November 7, 2008

Controlling Worker’s Comp Costs

By Paul Bieber

The best way to control worker’s comp costs is to prevent accidents. Safety pays dividends in every aspect of a glass business. But, the alleged accident has just occurred, or has just been reported. What can we do from here to control the costs for Joe the Glazier.

Two broad areas need to be addressed:

1.Reducing the costs of a legitimate claim

2.Reducing and eliminating the fake claims

Joe dislocated his shoulder and was cut when a lite broke that he was carrying on his shoulder. Yes, he should have worn arm guards, but that’s not for now. How do we control the costs?

Two things will help…reduce his medical bills, and get him back to work ASAP. Ask Joe for permission to review his medical bills relating to the accident. Without his written permission, you won’t get anywhere. Assuming Joe gives you the permission, go over the bills with your worker’s comp carrier. Have them explain what you do not understand. If there are bills for specialists that you don’t understand, ask. Many times a dishonest medical group will send patients for referrals, when they know it is a comp claim. Look for unneeded items, like orthopedic inserts after this shoulder injury. Or maybe a eye exam that was requested. Look to see if Joe is making his appointments. A missed doctor’s visit pushes Joe’s return to work out another couple of weeks in most cases.

See if Joe is going to physical therapy two-to-three times per week. If he isn’t, either he is ready to go to work or the injury wasn’t as bad as first perceived. Are all of Joe’s appointments in the evening? Is he working somewhere off the books during the day? Is Joe keeping in touch with you or his supervisor from your company? If you haven’t heard from Joe for a couple of weeks, call him to say hello. He should be either at therapy, the doctor’s, or home. See how long it takes to call you back when you leave a message. Did Joe take a mini-vacation for five days?

Look at the worker’s comp payouts for his wages. Do they have the correct wages? Did Joe include his overtime or holiday bonus in his base earnings he reported to the insurance company. When you get a request to verify his wages, and are too busy to answer, then Joe’s numbers will be used by the insurance carrier.

Joe is basically an honest person but sitting home watching day-time TV can turn anyone dishonest. Every third ad is for a worker’s comp attorney. So, one day Joe gets interested and suddenly he sees all new doctors, and his scheduled return to work has been extended by three months.

Enough already…Joe’s accident was unavoidable, and he will return to work as soon as he can…you say. Congratulations, you are now entered into the naive-business-leader-of-the-year-contest. Every accident is avoidable. The question is do you want to spend the training time, invest in the correct equipment, and discipline yourself and your team to work safely?

Every worker says they want to get right back to work, but studies have shown that a worker out longer than three weeks, has a much lower return to work rate. Get Joe back to work, away from the TV and the doctors, and you come out ahead.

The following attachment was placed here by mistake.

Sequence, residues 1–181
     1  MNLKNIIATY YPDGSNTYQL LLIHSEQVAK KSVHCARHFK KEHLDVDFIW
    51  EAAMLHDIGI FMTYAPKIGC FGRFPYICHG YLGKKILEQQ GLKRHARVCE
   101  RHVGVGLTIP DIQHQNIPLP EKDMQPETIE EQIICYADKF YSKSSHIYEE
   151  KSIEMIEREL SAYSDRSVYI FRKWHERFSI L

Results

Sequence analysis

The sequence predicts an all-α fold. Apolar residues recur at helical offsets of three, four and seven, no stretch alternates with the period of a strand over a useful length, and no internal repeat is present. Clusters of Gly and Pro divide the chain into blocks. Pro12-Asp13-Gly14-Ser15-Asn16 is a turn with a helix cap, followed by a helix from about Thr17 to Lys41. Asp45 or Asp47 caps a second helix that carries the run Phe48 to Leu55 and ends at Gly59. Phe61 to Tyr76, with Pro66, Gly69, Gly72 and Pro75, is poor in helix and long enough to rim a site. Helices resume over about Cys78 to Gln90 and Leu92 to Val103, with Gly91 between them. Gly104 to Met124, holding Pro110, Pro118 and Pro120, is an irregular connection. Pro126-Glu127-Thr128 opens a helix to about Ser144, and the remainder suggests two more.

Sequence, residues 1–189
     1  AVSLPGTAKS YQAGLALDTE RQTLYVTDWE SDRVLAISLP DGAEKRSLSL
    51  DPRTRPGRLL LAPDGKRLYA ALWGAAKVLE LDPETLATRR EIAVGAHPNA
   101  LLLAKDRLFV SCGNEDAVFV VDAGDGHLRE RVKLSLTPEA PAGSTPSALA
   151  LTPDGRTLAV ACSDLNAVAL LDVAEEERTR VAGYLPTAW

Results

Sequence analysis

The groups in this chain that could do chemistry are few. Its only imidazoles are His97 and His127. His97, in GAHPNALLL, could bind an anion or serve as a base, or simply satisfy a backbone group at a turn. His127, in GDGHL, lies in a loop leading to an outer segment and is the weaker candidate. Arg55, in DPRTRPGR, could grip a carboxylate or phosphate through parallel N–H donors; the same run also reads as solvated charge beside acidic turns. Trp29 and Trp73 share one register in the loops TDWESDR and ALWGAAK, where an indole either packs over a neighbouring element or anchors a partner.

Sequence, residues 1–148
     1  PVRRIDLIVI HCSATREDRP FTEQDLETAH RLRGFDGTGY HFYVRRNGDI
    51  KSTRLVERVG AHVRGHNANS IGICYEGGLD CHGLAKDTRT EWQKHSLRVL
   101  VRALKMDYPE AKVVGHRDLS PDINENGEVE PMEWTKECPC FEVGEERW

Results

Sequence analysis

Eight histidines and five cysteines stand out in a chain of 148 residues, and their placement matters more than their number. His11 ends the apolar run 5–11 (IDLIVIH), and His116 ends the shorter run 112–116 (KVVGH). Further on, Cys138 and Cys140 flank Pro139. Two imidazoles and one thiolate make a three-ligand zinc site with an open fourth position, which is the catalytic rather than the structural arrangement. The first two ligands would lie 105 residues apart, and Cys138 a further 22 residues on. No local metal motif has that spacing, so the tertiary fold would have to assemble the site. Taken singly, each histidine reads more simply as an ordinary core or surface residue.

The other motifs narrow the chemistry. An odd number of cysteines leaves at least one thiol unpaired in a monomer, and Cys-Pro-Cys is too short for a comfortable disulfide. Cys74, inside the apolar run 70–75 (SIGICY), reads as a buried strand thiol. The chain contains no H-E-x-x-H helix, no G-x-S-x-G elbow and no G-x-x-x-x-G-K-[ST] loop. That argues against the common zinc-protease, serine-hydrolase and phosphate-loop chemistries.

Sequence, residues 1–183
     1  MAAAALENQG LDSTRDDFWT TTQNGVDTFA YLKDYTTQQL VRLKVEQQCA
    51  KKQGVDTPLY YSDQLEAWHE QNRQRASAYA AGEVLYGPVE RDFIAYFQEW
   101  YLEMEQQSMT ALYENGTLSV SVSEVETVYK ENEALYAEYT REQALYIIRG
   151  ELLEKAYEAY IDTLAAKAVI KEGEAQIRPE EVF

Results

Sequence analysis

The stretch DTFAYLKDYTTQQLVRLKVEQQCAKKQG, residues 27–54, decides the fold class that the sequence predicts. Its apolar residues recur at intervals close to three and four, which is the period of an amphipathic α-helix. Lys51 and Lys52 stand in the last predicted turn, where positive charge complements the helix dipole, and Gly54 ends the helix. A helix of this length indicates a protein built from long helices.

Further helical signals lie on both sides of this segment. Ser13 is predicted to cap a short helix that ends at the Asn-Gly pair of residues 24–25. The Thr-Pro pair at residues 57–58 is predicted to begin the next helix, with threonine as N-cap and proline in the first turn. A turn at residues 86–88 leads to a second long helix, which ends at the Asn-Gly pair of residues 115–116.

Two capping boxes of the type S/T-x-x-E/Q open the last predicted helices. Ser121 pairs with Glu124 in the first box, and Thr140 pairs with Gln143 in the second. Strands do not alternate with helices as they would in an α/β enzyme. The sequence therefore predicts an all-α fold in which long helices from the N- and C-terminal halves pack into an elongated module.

Set-up a light duty work program for all employees. It may not be their same old job, but you should have work available for all comp cases. Maybe sweeping the floor, or filing in the office. This is the number one way to get employees back to full-time productive work. Pay Joe his normal wage, even if he were a glazier, pay that wage as he sweeps the floor. Get him back involved in your company, and he will want to go back to his regular job!

Create a menu of every job that can be done by someone on light duty. Every company can come up with dozens of items:

•Taking your trucks to the fleet wash

•Doing inventory

•Sweeping the plant


•Teaching other employees

•Learn how to use your computers

•Learn another language

•Doing simple work like putting logos on tempered glass or operating a spacer bender

•Audits of parts and supplies room


•Following up on old quotes

•Answering the phone

You are paying Joe’s salary while he is on comp, so you might as well get some work out of it. Even if it is only a half-day, that is good. Keep people in the habit of coming to work. Even someone can only work for twenty minutes, have them work twenty on, and twenty off. It is still better than paying them to stay home and watch the commercials from the ambulance chasers.

Other things to look out for:

•Joe changes his doctor’s a couple of times. All this does is continue to delay a finding that he could come back to work.

•Joe goes for an Independent Medical Examination (IME) and gets a different report than by going to his own doctor. Or, Joe cancels more than one appointment with for the IME…this shows he doesn’t want to be seen by the impartial doctor.

•Watch for a claim of disability that doesn’t fit the injury. In Joe’s case he has a bad shoulder, and puts in for disability on his shoulder and knee.

•Watch out for the time that Joe says he wants to come back to work, but suddenly you get a lawyer’s letter asking for more info. Joe watched too much TV.

•You ask Joe to come into the office for a follow-up, and he is wearing work clothes, or has grease on his hands or fresh mud on his shoes, or if you can see his car or truck, and there is a tool box.

Next week we will discuss employee surveillance, working with your insurance carriers fraud unit, your own investigator and other warning signs of fraud.